Ridland considers the industry lucky that this outbreak occurred in January – a slow month for horse shows – rather than in February, when things start heating up for the spring season and the HITS Desert Circuit in Thermal, CA.

Headshot of veterinarian Kent Fowler in a blue and white-striped shirt.

CDFA Animal Health chief Dr. Kent Fowler

The CDFA’s Fowler advised that concerned horse owners look for symptoms including a fever, cough, nasal discharge, listlessness or swelling in the lower limbs. In the more severe case of neuropathogenic impairment, horses appear imbalanced and lose motor coordination.

“The virus is always present in the equine community, but is mainly dormant, the way people carry the virus for cold sores,” Los Angeles equine vet Dr. Bruce Ramey said. “For virologists it’s a non-event. Occasionally a horse will have a very serious reaction and that’s what scares everyone. In fact, a minority of the horses develop neurological signs.”

Fowler recommends common sense vigilance. “If you have any possibility of exposure, we recommend taking the temperature twice a day, and if it’s up above 101.5 notify your private veterinarian.” There are nasal swab t and blood tests used to definitively diagnose the disease. While there are no “labeled vaccines” for the neuropathogenic strain of EHV-1, experts feel that some of the commercially available high-antigenic vaccines can offer protective benefits. “That is something people should talk to their private vet about, getting on a good herd health program,” Fowler said.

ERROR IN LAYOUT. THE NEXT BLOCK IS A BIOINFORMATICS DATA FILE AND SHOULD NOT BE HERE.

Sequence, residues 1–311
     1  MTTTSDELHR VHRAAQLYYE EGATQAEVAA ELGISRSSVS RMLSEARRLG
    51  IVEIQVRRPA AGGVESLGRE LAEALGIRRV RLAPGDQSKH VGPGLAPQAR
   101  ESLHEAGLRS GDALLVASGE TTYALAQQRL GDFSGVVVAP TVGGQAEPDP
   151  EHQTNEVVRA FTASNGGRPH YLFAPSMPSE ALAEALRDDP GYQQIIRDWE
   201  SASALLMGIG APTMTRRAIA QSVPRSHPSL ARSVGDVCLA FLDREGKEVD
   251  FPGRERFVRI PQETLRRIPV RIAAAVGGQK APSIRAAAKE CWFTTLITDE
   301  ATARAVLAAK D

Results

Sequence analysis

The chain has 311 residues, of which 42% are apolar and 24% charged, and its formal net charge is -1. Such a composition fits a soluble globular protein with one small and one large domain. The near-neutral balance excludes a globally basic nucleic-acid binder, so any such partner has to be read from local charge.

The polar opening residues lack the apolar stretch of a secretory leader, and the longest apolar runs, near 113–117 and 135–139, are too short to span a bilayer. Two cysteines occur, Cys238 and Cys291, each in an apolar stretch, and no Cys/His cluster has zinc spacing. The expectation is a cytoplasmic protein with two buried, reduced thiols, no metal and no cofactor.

If no new cases are diagnosed 21 days after the last reported incident the CDFA will release the quarantine.

For updates, visit www.cdfa.ca.gov/ahfss/animal_health/equine_herpes_virus.html.

Related posts:

  1. CDFA finds 3 new cases of EHV-1 in OC
  2. EHV-1 strikes Indio on eve of HITS
  3. California: EHV-1 Contained
  4. EHV-1: Not Quite Armageddon
  5. Ridland New U.S. Chef
  6. Pegasus Schedules 3rd Hunter/Jumper Show
  7. Harvey, Blenheim, LEG redo dates
  8. Blenheim starts online entries
  9. Canada sets Olympic show jumpers
  10. U.S. World Cup Show Jumpers